Jeremy and his wife, Irene, remove the Leander flag to reveal the commemorative plaque. It was financed by private donations.

Homes of Leander: Lambeth, Putney and Henley

This graphic suggests that Leander has had three homes in 200 years but, in reality, they have had more. Graphic: Leander Club.

Leander’s founders were at Searle’s boatbuilders in Lambeth between at least 1818 and 1860, though moving between perhaps two or three sites on the Lambeth stretch in that time. In 1860, the club moved its boats to a tent in Putney (pitched on the site of the current London Rowing Club) and rented club rooms in the nearby Star and Garter. In 1866, it built a proper boathouse on adjoining land and had varying degrees of commitment to this property until 1961 (the site is now occupied by Kings College School, Wimbledon). In 1897, it built the current clubhouse in Henley.

In the splendid recent publication that I will be reviewing soon, Leander Club: The First 200 Years (2018), Peter Mallory states:

When the original crew of the Leander cutter first met around 1818, they had no idea that they were forming a rowing club as we understand the term today. Such a concept had yet to be developed… The first Leander six-oared cutter was owned, stored, maintained and leased by Searle and Sons…, the premier establishment of its kind in England.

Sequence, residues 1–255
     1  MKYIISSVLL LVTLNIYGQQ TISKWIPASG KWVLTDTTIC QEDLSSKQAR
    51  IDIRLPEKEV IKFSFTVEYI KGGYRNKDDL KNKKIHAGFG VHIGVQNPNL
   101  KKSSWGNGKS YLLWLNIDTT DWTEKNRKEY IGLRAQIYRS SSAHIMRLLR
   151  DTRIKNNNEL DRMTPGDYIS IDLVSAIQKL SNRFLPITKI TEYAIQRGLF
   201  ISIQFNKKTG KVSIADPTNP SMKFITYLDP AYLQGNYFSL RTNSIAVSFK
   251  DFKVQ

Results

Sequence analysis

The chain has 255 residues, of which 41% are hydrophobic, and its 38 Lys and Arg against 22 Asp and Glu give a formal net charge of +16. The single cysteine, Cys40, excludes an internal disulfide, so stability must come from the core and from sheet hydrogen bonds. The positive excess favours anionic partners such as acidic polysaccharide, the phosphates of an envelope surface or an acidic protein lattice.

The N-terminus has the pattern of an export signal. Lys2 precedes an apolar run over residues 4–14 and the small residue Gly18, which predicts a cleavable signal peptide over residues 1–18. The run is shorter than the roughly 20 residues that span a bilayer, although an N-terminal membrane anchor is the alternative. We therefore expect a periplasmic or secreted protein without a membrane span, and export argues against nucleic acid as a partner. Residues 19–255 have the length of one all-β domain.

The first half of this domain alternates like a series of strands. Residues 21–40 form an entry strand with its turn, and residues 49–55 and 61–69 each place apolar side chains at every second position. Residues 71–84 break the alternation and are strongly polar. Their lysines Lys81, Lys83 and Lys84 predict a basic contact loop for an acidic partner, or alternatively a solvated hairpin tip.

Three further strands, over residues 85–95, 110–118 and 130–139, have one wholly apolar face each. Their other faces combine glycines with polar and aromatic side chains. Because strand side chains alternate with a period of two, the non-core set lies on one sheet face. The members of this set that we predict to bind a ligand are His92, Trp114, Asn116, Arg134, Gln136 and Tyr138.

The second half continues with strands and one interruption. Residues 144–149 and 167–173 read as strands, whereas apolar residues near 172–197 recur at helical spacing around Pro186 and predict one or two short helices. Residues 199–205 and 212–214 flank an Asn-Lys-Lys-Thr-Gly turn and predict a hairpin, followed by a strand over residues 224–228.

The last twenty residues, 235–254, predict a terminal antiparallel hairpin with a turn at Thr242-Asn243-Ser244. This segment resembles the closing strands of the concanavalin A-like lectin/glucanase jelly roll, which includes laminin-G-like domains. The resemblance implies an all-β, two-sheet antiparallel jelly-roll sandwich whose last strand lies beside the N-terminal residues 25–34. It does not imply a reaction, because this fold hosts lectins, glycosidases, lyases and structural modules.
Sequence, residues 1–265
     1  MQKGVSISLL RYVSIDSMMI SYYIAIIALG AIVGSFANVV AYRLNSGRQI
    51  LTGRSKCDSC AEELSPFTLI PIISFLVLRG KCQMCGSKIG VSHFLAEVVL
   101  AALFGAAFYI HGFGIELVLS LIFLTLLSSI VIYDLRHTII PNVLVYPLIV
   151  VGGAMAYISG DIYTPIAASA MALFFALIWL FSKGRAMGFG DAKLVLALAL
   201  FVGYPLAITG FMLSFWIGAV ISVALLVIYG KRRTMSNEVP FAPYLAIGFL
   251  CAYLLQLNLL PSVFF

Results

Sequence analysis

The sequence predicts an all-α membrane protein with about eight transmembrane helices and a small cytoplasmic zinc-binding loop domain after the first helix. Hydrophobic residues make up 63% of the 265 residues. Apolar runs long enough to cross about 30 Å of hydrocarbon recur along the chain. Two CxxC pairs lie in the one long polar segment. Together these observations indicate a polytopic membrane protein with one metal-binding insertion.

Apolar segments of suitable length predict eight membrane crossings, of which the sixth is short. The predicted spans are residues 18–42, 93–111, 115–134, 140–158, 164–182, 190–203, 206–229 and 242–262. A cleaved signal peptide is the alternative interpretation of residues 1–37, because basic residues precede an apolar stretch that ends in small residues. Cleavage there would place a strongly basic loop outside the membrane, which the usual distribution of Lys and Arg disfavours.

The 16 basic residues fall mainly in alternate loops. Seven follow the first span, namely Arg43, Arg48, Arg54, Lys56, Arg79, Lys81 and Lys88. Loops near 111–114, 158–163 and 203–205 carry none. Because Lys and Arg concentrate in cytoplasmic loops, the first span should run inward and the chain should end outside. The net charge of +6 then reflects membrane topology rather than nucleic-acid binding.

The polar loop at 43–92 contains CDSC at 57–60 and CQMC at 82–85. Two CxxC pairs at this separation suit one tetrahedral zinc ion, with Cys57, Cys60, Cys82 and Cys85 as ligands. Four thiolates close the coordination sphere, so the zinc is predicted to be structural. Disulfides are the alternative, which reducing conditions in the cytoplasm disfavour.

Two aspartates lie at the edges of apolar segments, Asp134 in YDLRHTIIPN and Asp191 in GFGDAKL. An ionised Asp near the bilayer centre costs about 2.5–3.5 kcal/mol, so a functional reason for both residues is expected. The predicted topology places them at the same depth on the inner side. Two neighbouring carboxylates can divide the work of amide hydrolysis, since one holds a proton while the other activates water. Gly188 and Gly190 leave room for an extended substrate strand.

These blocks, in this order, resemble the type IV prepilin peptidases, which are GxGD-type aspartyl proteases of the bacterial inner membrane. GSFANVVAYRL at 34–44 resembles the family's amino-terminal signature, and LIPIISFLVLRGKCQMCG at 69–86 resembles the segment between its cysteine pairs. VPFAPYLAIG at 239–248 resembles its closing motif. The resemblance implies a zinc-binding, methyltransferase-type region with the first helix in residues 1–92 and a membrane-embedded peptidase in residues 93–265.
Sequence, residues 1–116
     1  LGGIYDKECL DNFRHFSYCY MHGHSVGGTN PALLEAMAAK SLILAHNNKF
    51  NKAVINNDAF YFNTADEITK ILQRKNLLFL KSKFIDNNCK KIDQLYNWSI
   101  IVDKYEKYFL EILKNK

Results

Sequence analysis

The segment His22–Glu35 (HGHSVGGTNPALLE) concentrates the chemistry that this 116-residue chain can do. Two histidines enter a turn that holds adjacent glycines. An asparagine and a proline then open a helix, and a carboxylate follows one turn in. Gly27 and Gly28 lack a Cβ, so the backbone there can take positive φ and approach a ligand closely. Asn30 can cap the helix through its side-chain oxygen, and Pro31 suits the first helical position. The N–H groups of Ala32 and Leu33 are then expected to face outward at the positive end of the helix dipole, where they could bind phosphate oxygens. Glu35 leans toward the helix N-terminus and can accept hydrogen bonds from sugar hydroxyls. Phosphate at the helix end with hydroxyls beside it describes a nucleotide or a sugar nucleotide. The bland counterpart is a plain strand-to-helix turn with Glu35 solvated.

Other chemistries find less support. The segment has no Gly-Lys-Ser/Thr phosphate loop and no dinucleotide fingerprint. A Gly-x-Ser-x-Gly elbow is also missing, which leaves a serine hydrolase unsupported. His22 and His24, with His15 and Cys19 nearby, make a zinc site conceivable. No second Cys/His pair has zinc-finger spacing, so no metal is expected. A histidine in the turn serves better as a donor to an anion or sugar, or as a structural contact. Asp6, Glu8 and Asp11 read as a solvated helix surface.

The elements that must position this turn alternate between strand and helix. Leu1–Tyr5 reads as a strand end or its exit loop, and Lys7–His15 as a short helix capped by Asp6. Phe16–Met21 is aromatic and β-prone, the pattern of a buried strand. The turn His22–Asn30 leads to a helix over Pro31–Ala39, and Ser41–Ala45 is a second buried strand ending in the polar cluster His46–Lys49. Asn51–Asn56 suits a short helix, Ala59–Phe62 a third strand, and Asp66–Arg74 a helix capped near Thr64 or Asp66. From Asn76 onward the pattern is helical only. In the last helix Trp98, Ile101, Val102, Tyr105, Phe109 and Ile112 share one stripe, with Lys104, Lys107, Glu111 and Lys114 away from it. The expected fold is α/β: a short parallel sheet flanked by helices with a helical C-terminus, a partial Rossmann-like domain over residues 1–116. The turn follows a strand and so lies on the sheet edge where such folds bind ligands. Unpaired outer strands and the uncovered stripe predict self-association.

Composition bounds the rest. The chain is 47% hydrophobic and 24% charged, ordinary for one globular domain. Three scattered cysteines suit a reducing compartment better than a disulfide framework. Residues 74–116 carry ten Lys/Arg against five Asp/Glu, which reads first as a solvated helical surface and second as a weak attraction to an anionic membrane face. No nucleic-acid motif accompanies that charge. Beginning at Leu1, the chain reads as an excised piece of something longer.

The 2016 Lords v Commons Boat Race on the start opposite Lambeth Palace. The boats are copies of those used in the first Oxford – Cambridge Boat Race in 1829. Save that the original ‘Leander’ was a six-oar, the founders of what became Leander Club would have been very much at home in such boats. Names of boats and clubs in those days were synonymous and the same man could, for example, switch at will between rowing in boats such as “The Leander”, “The Star”, or “The Arrow”.

In Lambeth, the Searle boatyards, storage sheds and attached buildings fronting Stangate Street stretched for 150 yards on the (south) bank of the Thames from Westminster Bridge upstream to Stangate Ferry. This was a small, dense, semi-industrial neighbourhood still bordered to the east by rural farm fields and to the south by the gardens of Lambeth Palace… 

A book of 1873, London Old and New, pulled no punches in describing the area around Searle’s Yard:

[I]) had long been of ill repute, ill-looking and evil-smelling, and of evil associations. Even the (re)construction of the Houses of Parliament on the opposite shore… failed to redeem its hideous aspect, overladen as it was with dank tenements, rotten wharves, and dirty boathouses.

Boatbuilding at Lambeth had a long history. According to Old and New London (1878):